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J Am Heart Assoc. 2018 Nov 6;7(21):e010533. doi: 10.1161/JAHA.118.010533.

Cardiovascular Risk Factors and White Matter Hyperintensities: Difference in Susceptibility in South Asians Compared With Europeans.

Author information

1
1 School of Biomedical Engineering and Imaging Sciences King's College London London United Kingdom.
2
2 Dementia Research Centre UCL Institute of Neurology London United Kingdom.
3
5 Department of Medical Physics and Biomedical Engineering University College London Malet Place Engineering Building London United Kingdom.
4
3 MRC Unit for Lifelong Health and Ageing at UCL Department of Population Science & Experimental Medicine UCL Institute of Cardiovascular Science London United Kingdom.
5
4 Centre for Medical Imaging UCL Division of Medicine London United Kingdom.
6
6 Department of Radiology and Nuclear Medicine Neuroscience Campus Amsterdam VU University Medical Center Amsterdam The Netherlands.
7
7 Lysholm Department of Neuroradiology The National Hospital for Neurology and Neurosurgery London United Kingdom.
8
8 Brain Repair and Rehabilitation UCL Institute of Neurology London United Kingdom.

Abstract

Background Cardiovascular risk factors vary between ethnicities but little is known about their differential effects on white matter hyperintensities ( WMH ), an indicator of brain aging and burden of cerebrovascular disease. Methods and Results Brain magnetic resonance imaging scans from 213 people of South Asian and 256 of European ethnicity (total=469) were analyzed for global and regional WMH load. Associations with cardiovascular risk factors and a composite cardiovascular risk score (National Cholesterol Education Programme Adult Treatment Panel III) were compared by ethnicity, diabetes mellitus, smoking, and hypertension status. Distributional patterns of WMH were similar by ethnicity but the vulnerability to specific risk factors differed. Associations between WMH and age or National Cholesterol Education Programme Adult Treatment Panel III scores were stronger in South Asians compared with Europeans. For instance, a year of age led to an excess of 3.8% (confidence interval=[0.2, 7.6]; P=0.04) of WMH load in frontal regions in South Asians compared with Europeans. In the diabetic subgroup, South Asians had more WMH than Europeans (+63.3%, confidence interval=[14.1, 133.9]; P=0.007), particularly in the deeper regions (+102% confidence interval=[24, 329]; P=0.004). In the population as a whole, diabetes mellitus was not, or only weakly, related to an increase in WMH volume (12.4%, confidence interval=[-10.7, 41.3]; P=0.32), and diabetes mellitus duration was a positive predictor of frontal periventricular WMH load in Europeans but not in South Asians. In turn, diastolic blood pressure was positively associated with WMH volumes in South Asians but not in Europeans. Hypertension was not associated with WMH load ( P=0.9). Conclusions Distribution patterns of WMH are similar in South Asians and Europeans but older age and higher cardiovascular risk are associated with more WMH in South Asians.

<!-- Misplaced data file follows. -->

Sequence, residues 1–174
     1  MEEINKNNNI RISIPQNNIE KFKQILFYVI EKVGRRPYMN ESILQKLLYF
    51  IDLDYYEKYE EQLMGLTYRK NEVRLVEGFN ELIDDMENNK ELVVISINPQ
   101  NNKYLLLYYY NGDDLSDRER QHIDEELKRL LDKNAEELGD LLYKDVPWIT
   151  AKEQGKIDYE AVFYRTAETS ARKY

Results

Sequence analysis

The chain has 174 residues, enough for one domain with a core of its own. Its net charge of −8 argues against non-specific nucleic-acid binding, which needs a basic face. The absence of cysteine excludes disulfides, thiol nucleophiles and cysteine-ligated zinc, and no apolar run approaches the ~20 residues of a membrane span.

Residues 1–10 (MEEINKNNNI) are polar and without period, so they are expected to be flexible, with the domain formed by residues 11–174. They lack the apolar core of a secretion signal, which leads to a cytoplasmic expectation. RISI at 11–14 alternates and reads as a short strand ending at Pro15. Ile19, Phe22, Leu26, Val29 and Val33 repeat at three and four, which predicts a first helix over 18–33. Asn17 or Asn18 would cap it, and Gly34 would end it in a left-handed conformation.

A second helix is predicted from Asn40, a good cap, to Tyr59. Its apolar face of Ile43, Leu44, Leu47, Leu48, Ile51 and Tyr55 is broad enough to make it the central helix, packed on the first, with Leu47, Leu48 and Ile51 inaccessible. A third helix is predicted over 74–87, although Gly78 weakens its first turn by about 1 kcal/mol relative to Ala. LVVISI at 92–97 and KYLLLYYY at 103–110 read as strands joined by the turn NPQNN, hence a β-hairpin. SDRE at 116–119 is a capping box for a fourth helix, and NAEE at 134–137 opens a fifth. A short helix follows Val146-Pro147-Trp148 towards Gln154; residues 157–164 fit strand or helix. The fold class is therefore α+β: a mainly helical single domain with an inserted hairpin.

KEYWORDS:

aging; cerebral small vessel disease; ethnicity; magnetic resonance imaging; risk factor; white matter

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